Malala Yousafzai at the UN

How did Malala Yousafzai survive being shot? What was her recovery like? What did she do after she left Pakistan?

On October 9, 2012, a Taliban gunman shot Malala Yousafzai in the face when she was on her way home from school. Miraculously, she survived. In her autobiography, she discusses her recovery and what she’s done since.

Keep reading to learn about Malala after the shooting that nearly took her life and silenced her voice.

Image source: UN Photo/Eskinder Debebe

The Shooting of Malala and the Aftermath

Malala was riding the bus home from school with 19 other girls when Taliban soldiers pulled them over. A man asked for her by name, then shot her in the face point-blank. The bullet went through her left eye socket, exited her head, and lodged in her shoulder, narrowly missing her brain. The Taliban later claimed responsibility for shooting Malala. They said they had done it, not because of her fight for girls’ education, but because she supported Western, secular ideas.

According to Malala, after the shooting, she was rushed to a series of hospitals where doctors operated on her to remove the bullet and relieve life-threatening swelling in her brain. She suffered complications after the operations and was transferred to a hospital in Birmingham, England. 

Malala’s family had trouble getting out of Pakistan to join her, so, for her first 10 days at the English hospital, she was alone. When she regained consciousness in Birmingham, she had no idea what had happened, where she was, or why her vision and hearing on her left side weren’t working and her thoughts were muddled. She couldn’t speak, so she wrote basic phrases in English on a notepad. She couldn’t walk properly. Slowly, she regained her speech and practiced walking.

When Malala was reunited with her family, everyone released the emotions they had been holding in and cried. Malala’s family was distraught to see that the left side of her face was paralyzed, and she couldn’t smile. Doctors operated to repair Malala’s damaged facial nerve; after three months, movement slowly began returning to her face.

(Shortform note: While Malala started on the road to recovery following her stay in the Birmingham hospital, healing from the shooting would take at least nine years and six surgeries, including three additional surgeries to repair her facial paralysis in 2018, 2019, and 2021. When she was recovering in Boston from the third surgery on her face, she heard the news of the Taliban retaking Afghanistan. She noted on social media that millions of Afghan people had taken a bullet at the hands of the Taliban, just as she had.)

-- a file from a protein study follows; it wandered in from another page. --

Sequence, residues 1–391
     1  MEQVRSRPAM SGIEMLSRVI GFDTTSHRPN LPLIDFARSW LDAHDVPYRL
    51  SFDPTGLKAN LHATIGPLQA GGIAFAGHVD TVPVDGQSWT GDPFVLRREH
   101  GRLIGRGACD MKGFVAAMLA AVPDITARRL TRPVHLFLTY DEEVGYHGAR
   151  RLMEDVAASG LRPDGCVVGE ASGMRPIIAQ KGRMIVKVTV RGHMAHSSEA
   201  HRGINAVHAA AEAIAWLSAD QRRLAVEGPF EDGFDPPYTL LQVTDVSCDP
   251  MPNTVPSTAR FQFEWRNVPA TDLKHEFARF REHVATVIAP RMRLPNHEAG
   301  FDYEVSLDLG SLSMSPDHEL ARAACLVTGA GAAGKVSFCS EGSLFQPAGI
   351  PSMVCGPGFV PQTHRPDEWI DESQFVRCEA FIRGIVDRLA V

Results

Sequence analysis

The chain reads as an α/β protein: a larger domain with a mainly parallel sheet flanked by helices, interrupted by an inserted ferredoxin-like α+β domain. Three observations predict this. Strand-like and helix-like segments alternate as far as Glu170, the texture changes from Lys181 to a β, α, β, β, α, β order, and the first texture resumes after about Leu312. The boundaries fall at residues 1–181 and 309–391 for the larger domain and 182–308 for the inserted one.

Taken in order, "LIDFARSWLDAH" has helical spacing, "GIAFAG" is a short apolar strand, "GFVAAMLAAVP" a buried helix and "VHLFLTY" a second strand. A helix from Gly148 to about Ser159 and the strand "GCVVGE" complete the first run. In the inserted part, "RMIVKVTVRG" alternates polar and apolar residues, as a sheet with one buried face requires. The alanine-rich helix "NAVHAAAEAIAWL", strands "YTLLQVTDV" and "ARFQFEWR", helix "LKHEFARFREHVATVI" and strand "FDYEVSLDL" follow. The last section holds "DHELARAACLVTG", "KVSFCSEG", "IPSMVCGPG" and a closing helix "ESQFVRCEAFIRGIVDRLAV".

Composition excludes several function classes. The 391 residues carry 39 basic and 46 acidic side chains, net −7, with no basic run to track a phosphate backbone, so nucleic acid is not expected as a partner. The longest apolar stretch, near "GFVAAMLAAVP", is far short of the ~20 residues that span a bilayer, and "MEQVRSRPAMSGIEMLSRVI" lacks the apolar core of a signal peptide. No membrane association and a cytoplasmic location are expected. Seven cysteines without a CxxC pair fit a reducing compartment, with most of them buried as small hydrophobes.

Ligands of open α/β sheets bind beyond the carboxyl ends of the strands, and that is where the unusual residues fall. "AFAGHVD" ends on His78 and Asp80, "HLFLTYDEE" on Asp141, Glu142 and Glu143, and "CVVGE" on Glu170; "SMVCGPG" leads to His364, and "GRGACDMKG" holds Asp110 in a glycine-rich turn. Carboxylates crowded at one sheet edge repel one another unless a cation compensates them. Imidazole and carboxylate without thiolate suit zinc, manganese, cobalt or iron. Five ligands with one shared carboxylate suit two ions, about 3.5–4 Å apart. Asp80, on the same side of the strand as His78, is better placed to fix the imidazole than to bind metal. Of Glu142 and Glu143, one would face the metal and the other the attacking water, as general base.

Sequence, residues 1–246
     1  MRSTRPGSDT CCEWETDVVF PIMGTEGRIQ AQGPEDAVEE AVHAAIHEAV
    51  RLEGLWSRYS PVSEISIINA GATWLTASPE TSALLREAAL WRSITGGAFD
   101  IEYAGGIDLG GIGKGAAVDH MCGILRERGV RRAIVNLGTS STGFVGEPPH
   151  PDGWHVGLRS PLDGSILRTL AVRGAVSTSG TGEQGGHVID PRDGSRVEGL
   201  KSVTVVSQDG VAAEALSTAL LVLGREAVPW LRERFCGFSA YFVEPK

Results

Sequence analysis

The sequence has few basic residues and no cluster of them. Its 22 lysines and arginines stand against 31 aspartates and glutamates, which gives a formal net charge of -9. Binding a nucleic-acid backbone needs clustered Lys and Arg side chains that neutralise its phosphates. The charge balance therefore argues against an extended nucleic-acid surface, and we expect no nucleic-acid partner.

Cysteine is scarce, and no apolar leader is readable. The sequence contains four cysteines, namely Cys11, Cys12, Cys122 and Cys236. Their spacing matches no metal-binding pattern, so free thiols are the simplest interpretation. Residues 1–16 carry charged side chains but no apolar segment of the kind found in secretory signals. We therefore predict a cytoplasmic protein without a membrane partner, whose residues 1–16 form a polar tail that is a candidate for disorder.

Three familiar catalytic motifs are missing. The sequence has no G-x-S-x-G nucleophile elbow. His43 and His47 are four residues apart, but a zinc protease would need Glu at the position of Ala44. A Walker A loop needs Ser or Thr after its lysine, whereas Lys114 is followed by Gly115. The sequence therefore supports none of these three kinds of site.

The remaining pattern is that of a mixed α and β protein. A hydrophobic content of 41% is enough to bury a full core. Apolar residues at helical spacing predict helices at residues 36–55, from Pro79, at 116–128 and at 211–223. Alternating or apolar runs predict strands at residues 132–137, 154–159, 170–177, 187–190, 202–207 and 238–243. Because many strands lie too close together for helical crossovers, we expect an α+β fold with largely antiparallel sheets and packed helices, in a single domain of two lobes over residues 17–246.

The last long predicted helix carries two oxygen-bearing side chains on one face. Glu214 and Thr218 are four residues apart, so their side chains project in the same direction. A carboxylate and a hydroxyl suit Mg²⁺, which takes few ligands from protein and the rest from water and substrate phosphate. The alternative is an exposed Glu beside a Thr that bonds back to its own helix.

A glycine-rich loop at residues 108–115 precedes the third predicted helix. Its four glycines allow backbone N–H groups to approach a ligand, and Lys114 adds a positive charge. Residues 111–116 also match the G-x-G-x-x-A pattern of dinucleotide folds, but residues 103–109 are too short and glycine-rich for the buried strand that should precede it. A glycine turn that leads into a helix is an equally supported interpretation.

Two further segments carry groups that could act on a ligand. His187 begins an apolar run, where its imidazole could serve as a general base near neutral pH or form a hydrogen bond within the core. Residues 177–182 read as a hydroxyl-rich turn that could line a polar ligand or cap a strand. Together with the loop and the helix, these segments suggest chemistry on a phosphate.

Malala Continued Her Fight for Girls’ Education From Her New Home in England

The Pakistani government rented an apartment in Birmingham for Malala’s family to stay in while she recovered. They paid for her medical care and gave her father a position as education attaché to the Pakistan high commissioner in London.  

Six months after the attack, Malala was well enough to start school in Birmingham. Malala liked England, but she missed home. She couldn’t return, however, because it was still dangerous for girls to get an education in Pakistan. Schools were still being bombed and girls killed.

(Shortform note: After the Pakistani army retook the Swat Valley from the Taliban in 2009, some degree of peace returned to the area. But, as Malala points out, the Taliban attacks continued—including their attack on Malala herself. Arguably to guard against another Taliban takeover, the Pakistani military has remained in Swat since 2009. Sporadic Taliban attacks have continued and, following the Afghan Taliban’s takeover of Kabul in the summer of 2021, the Pakistani Taliban in Swat began regrouping. In addition to other attacks, the Pakistani Taliban attacked a school van in 2022 on the 10th anniversary of Malala’s shooting, killing the driver and injuring students.) 

On Malala’s 16th birthday, she gave a speech about girls’ education at the UN in New York. She wrote the speech not just for the UN delegates, but for people all over the world whom she hoped to inspire. 

She also founded the Malala Fund, which works to ensure that girls around the world receive an education. She went to Kenya to build a school and to Nigeria to show solidarity with schoolgirls abducted by militants. She went to the White House to discuss girls’ education with US President Barack Obama. She told the president that instead of trying to root out terrorism through war, the US should work to eliminate terrorism through education.

Methods for Combating Terrorism

Malala’s message to President Obama echoes the conclusions of many experts on combating and preventing violent extremism. These experts say that while counter-terrorism has long focused on military and security operations, these approaches are not enough to exterminate terrorist groups that are now active in approximately two-thirds of the world. They argue that governments must focus on the roots of violent extremism: poverty and inequality; lack of education; marginalization and discrimination, including against girls and women; and poor governance, including state violation of human rights and the rule of law. The best way to prevent terrorism, these experts argue, is to create societies that respect human rights and provide economic opportunities for all.
Malala After the Shooting: Her Recovery & Continued Fight for Girls

Elizabeth Whitworth

Elizabeth has a lifelong love of books. She devours nonfiction, especially in the areas of history, theology, and philosophy. A switch to audiobooks has kindled her enjoyment of well-narrated fiction, particularly Victorian and early 20th-century works. She appreciates idea-driven books—and a classic murder mystery now and then. Elizabeth has a blog and is writing a book about the beginning and the end of suffering.

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